The picture of Doc and Carl came from Joe Walters from Indiana, who wrote:
The tracking was excellent. After last blood nothing for about 75 yds. He went past the deer on the down wind side by about 10 yds and raised his head to wind it and circled back to it. Chewed on the tail. And after hunter gutted it out, I gave Doc a piece of liver and he chewed on it for a second and spit it out and started barking and wanting back on the deer. If you can't find Doc in the pic, look for his red harness.
Just few days later I talked to Susanne Hamilton who was on her way back from a weekend of blood tracking in Vermont. Susanne and Buster recovered two deer out of four, but what she raved most about was Buster's harness. Two of their calls were in a swamp, and in situations like this she finds this harness/vest invaluable. Actually, Susanne was the first who started to use this particular type of vest, and since then other handlers have started to use it too. The DiPietro family from Vermont swears by it. The picture below show Chris DiPietro handling Scout at the August workshop in NH, and Scout is sporting the red vest.
This particular harness/vest is carried by Ruffwear and more info and pics are posted here.
Handlers who use the vest for their dogs point out the advantages:
- ease of pulling the dog out of swamp or river thanks to the handle mounted on the top
- when a dogs pulls a lot, there is no pressure exerted on his windpipe as it is the case with a collar
- a dog's chest is somewhat protected from getting scratched and cut; as Susanne says: the soft underbelly flannel somehow keeps Buster from having his entire belly scratched up.
I am looking forward to hearing Andy Bensing's review of the custom made vest he ordered from Wild Boar USA/Ugly Dog Ranch store. One of his dogs has a pretty thin hair and gets all torn up on the chest, sides and belly when she squeezes through the briars. I think that his vest might provide a better protection from scratches than the Ruffwear harness.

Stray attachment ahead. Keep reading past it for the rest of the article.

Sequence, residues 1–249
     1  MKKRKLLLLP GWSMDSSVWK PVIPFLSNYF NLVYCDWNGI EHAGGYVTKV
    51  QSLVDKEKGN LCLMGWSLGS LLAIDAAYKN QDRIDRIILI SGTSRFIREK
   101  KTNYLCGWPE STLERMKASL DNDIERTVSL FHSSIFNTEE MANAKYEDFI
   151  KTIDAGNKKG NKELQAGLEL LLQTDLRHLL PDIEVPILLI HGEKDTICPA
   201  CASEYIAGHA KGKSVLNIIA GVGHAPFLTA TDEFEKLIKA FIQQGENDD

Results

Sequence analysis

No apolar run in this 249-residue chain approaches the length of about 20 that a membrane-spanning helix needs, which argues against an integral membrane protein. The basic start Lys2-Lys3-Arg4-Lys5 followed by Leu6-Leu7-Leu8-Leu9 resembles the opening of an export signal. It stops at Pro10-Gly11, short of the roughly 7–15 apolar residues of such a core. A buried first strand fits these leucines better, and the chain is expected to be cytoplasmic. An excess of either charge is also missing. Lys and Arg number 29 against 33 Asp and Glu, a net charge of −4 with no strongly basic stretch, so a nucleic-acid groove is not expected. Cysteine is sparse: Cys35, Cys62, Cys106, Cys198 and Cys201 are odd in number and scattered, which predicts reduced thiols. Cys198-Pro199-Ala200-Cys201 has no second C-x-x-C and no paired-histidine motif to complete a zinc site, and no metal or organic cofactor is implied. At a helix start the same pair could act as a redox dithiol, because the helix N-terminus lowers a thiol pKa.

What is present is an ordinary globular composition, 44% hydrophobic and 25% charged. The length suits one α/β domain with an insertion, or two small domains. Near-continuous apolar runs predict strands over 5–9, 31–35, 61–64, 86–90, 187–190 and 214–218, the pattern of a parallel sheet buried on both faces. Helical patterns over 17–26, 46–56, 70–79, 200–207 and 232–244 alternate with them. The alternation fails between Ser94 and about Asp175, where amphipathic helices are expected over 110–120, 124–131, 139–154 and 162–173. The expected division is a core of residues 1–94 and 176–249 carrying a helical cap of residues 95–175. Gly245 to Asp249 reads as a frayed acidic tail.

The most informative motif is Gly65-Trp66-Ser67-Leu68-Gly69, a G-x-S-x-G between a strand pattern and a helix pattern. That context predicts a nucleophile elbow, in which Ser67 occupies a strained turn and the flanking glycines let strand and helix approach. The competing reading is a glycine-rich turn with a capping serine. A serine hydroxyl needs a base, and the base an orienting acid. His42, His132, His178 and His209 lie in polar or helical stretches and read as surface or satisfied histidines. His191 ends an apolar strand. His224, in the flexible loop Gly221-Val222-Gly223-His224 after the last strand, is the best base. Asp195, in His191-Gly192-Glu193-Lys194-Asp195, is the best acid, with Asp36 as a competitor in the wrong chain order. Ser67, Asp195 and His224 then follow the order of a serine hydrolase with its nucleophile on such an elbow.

Joe Walters sent me this e-mail after he had seen the post about the Ruffwear vest:
I was tracking a gut shot deer for a hunter the other morning and the track ended at a ditch. It only had about three or four inches of water in it so I picked Doc up by his harness and proceeded across. Under the water was about three feet of black muck and I went in over my "frog legs", chaps over knee boots. Doc came out unscaithed, but I came out smelling pretty awful and very wet. Oh, the joys of tracking. I love it. Joe and Doc
Susanne Hamilton added:
With all the tracking I've done, I have not had a single issue with injuries to the skin at all, (amazing enough no scratches whatsoever). The thing that's most valuable is the handle... heck I pick Buster up by it all the time. The other good thing is that the actual clip where I use the leash seems just in the right place to relieve stress of the dogs back.
Buster has been less tired and less sore since using the ruffwear harness. Sometimes too much harness can cause rubbing, so until the new vest is proven and put through the ringer, like the ruffwear one has, and by several trackers, I think it's not really right to say that Andy's vest is going to be even better.
It looks like handlers love the Ruffwear harness/vest.